The Lake Wenatchee area has been home to several Indian tribes. They hunted, fished, and picked berries throughout the area, often making camp along the rivers where the salmon ran. Today little remains of these camps along the banks.
Fur traders first visited Chelan County in 1811. In the late 1800s, Pioneers began to established themselves in Beaver Valley (now commonly know as Plain) and throughout the area. Farming and logging were the main industries supporting the Pioneers. Back then the valley was thickly covered with old growth forest. Trees had to be cut and stumps removed to make the land suitable for agriculture.
The development of the area in the nineteenth century was closely linked to the construction of the Northern Pacific and Great Northern railroads. Leavenworth became a booming railroad town. As Plain’s logging grew, the small Peavine Rail was built along the Chumstick Highway into Plain to transport the harvested trees to the mill. The Wenatchee River was also used to float the logs down to Leavenworth in the spring. As the need for irrigation water grew, a canal was built into Sugartflats and beyond to supply irrigation water to the area.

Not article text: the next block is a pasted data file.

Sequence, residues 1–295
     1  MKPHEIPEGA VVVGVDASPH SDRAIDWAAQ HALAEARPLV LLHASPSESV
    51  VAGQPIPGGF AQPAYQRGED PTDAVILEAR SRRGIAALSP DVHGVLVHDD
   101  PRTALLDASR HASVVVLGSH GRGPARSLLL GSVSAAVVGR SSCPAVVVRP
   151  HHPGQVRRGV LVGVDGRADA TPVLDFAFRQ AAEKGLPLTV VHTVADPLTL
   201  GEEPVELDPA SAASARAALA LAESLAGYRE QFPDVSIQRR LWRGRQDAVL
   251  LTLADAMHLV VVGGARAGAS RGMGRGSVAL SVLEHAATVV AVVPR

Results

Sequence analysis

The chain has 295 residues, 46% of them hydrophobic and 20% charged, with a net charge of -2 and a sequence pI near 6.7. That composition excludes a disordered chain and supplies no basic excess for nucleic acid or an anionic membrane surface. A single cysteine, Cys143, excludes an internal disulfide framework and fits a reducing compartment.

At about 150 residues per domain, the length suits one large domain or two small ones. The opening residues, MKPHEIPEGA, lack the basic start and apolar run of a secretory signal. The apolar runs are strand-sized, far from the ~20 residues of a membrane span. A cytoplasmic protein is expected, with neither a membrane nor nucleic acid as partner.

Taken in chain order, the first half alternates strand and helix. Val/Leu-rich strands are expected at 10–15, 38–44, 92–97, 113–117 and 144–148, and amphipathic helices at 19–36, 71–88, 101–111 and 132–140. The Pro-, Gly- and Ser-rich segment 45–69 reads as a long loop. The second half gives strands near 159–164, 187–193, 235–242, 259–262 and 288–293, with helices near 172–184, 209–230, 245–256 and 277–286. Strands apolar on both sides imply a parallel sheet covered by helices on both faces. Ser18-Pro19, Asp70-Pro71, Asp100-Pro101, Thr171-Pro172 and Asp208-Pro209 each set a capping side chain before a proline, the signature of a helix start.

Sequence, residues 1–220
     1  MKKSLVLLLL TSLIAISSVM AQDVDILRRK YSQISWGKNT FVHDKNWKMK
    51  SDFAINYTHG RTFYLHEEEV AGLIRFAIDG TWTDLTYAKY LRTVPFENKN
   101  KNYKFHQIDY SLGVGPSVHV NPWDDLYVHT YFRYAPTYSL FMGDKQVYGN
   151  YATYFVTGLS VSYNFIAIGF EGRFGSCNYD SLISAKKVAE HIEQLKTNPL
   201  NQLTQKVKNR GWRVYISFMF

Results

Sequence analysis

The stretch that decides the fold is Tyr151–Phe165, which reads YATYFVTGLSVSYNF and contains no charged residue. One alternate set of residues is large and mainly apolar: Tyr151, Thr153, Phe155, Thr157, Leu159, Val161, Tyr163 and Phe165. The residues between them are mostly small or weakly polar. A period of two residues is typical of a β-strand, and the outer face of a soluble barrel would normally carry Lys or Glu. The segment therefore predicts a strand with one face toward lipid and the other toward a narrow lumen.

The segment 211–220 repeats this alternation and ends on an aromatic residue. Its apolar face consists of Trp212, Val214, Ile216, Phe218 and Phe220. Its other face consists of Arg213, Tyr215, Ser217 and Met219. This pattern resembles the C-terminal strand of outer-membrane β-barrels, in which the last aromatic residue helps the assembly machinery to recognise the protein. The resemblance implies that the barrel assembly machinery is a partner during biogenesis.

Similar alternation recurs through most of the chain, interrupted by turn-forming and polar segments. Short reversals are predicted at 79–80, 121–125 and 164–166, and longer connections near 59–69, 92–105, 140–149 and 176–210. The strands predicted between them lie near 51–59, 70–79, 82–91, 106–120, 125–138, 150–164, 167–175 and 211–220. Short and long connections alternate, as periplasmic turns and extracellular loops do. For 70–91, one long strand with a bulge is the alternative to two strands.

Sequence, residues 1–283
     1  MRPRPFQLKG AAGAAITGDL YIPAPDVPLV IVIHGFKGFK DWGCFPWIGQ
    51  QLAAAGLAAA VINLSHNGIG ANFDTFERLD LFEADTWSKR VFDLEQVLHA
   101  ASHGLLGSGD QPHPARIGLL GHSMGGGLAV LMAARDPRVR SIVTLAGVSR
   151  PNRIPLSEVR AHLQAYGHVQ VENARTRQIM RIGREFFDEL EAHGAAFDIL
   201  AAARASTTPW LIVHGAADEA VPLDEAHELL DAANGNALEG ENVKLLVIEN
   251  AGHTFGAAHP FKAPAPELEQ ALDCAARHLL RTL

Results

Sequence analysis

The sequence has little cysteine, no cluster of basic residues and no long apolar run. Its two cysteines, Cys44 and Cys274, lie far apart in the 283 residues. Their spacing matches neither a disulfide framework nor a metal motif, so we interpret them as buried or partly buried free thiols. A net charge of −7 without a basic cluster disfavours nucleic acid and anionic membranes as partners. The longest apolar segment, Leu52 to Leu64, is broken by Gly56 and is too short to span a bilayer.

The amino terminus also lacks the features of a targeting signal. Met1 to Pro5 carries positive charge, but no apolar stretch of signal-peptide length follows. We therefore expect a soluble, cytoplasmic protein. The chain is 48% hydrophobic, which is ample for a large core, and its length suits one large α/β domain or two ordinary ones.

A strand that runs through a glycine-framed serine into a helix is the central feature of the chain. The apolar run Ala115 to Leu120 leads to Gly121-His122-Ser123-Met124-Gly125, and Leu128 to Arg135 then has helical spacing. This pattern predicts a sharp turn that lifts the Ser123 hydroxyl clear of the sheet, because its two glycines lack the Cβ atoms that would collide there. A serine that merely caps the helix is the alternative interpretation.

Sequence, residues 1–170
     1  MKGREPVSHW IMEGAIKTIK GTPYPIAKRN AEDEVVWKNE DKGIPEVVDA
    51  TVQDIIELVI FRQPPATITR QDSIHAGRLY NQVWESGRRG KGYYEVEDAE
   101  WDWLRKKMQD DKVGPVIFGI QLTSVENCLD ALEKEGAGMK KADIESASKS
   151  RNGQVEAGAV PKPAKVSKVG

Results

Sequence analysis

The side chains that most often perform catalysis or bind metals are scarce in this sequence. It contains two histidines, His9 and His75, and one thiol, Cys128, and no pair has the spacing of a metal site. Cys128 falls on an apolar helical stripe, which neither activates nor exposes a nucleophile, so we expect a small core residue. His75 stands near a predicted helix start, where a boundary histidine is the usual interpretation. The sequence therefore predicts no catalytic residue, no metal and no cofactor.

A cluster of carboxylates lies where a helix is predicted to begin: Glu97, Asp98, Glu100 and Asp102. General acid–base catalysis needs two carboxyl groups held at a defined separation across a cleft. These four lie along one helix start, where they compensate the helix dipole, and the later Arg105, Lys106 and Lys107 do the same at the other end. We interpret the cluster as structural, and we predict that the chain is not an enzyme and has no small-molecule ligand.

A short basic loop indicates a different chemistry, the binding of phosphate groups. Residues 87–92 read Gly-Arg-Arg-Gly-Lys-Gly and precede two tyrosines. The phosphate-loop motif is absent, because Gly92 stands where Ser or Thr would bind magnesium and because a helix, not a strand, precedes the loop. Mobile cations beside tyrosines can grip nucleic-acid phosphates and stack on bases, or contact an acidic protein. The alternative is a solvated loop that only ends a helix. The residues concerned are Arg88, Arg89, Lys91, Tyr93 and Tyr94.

A group called The Brethern moved in and brought religion to the area, resulting in the establishment of the Plain Community Church, which is still around today. For a short period, a post office was located in Plain, as was the Cougar Inn on the north end of Lake Wenatchee.
Education was important to the Pioneers. Scholars first attended a make-shift school in a chicken coop and then built a one room school house in Plain. As needs grew, Winton (located off of Coles Corner), also built a school house. The Winton one room school house was in use until 2000 when the Beaver Valley School was built in Plain. The building was moved to the new school grounds and is now a museum.
Since the late 1800s time has moved forward, and with it modern progression. Many have have come and gone, leaving with a unique impression of our area. Others have chosen to stay and build roots in our little valley. Chances are, when you visit you might run across some the original descendants of Beaver Valley and spin a yarn of the good old days.
From the Great Northern Railroad to the Wenatchee Indians, our area is rich in historical facts. To learn more about the natural features and attractions of each area, follow the links to the right. For a history of the area from other sources, follow the links below.
Lake Wenatchee Forest History

Leavenworth & Lk. Wenatchee History
PNW Railroad History